In an effort to execute water conservation strategies, many sanitaryware manufacturers have introduced a variety of low water fittings such as showerheads, faucets, bath fillers and the like (collectively, “sanitary fittings”). It is well understood that bath shower valves deliver water to showerheads in excessive amounts that must be restricted or otherwise controlled at the showerhead output. In a common household, wherein two-thirds of all indoor water use is attributable to bathing and toilet flushing, installation of water conservation devices comprises an important step toward water efficiency. Showerheads that conserve water are particularly desirable, since such showerheads typically use 2.5 gallons per minute (GPM) or less at 80 PSI (as compared with 50 to 80 gallons consumed during an average bath) (see ANSI Standard A112.18.1-2003 which establishes the maximum flow rate for showerheads). Many such designs still use an inordinate amount of water, especially in consideration of contemporary water conservation efforts.
Multiple efforts have been made to provide sufficient water delivery for bathing without compromising water conservation objectives. U.S. Pat. No. 4,190,207 to Feinhold et al., for example, discloses a pulsating spray nozzle for a shower head that employs a forced-vortex turbine. The turbine has a plurality of blades that are driven by water impinging thereon such that the rate of rotation is dependent upon the water flow rate. The spray nozzle operates in continuous, pulsating and combination spray modes via operation of a control ring in communication with a shutter plate that selectively obstructs fluid flow corresponding to actuation of the control ring. A regulator is provided that limits the water flow rate to a predetermined maximum (disclosed at about 1.8 GPM) upon an increase in water pressure beyond a selected level.
U.S. Pat. No. 4,303,201 to Elkins et al. (“Elkins”) discloses a showering system that delivers steam in combination with a continuous, pulsating or combination spray pattern. A control plate allows the user to select the desired spray pattern, speed of pulsation (i.e. fast and slow) and degree of pulse perception (i.e., hard and soft) to achieve a desired massage effect. In a preferred embodiment, the Elkins shower system delivers approximately 3.7 GPM in a hard pulse mode and 2.0 GPM in a soft pulse mode (although Elkins does not address whether separate spray streams can be limited to a maximum flow rate so as to limit the overall flow rate of the showerhead to a predetermined maximum).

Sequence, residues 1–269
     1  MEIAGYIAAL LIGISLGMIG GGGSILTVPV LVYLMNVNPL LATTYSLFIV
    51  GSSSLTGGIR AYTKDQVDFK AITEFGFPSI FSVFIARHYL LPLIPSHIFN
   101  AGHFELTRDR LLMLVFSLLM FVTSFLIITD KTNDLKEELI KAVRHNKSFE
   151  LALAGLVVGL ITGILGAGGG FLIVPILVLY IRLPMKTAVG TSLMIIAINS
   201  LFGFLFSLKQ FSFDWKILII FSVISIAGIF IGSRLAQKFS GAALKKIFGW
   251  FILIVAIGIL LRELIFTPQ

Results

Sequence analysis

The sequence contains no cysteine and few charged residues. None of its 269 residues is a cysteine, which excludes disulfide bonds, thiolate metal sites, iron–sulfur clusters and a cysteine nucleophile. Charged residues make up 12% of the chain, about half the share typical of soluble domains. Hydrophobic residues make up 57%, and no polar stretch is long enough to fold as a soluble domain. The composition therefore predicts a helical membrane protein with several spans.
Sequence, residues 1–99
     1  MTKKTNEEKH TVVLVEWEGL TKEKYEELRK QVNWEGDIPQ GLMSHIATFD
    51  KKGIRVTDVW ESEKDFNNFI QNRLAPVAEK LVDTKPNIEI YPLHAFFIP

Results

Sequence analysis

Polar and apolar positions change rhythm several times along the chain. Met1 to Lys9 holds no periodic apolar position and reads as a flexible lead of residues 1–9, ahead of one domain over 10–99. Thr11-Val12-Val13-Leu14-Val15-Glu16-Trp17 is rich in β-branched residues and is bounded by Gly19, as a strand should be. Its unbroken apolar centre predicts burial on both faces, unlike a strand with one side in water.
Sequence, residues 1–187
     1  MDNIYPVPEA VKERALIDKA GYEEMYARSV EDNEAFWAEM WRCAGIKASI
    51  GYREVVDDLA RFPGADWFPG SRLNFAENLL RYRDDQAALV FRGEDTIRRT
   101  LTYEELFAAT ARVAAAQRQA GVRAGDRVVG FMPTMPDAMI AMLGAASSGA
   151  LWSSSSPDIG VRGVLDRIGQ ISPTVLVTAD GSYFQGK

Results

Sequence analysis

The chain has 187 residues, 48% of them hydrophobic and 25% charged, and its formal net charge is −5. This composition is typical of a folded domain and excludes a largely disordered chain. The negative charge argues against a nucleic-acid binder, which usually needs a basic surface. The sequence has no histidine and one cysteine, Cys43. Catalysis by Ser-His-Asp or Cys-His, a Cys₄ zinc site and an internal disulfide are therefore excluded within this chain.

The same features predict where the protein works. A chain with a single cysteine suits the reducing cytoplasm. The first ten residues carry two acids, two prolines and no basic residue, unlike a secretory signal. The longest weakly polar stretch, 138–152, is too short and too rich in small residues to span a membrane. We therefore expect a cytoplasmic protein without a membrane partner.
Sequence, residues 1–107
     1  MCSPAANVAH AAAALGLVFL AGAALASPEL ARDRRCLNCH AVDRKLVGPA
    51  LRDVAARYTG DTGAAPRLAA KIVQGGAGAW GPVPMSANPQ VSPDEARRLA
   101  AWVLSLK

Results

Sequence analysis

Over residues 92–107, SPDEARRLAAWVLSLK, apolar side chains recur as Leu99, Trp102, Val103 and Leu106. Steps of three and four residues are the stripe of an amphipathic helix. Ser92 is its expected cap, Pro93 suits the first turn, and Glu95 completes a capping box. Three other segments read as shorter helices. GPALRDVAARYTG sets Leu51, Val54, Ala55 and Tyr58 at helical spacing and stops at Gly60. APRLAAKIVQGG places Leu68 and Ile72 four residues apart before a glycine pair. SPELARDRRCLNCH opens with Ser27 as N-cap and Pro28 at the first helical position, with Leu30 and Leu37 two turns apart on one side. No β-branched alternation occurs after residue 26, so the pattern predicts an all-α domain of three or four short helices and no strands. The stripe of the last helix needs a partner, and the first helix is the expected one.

U.S. Pat. No. 4,346,844 to Harmony discloses an aerated pulsating shower head wherein a stream of water is split into two paths and the proportional water flow in each path is selectively variable. The first water path is discharged in the form of a cone-shaped spray, and the second water path is delivered to a chamber having a rotor disposed therein for pulsating water delivery. At an upstream location of the split in the water path, an introduction of air reduces the quantity of water flow without an apparent ware flow reduction felt by the user.
U.S. Pat. No. 4,588,130 to Trenary et al. discloses a showerhead having multiple operational modes to selectively deliver continuous, pulsating and combination sprays. Pulses may be selectively delivered in fast and slow modes such that, in the fast mode, the showerhead delivers about 1.9 GPM.
U.S. Pat. No. 5,215,258 to Jurisch discloses a showerhead having selective operational modes effected by employment of a turbine member. A spray pattern head orbits a central location in the showerhead upon rotation of a spray selection dial to distribute water over a user's body without exceeding a showerhead delivery rate of 2.5 GPM.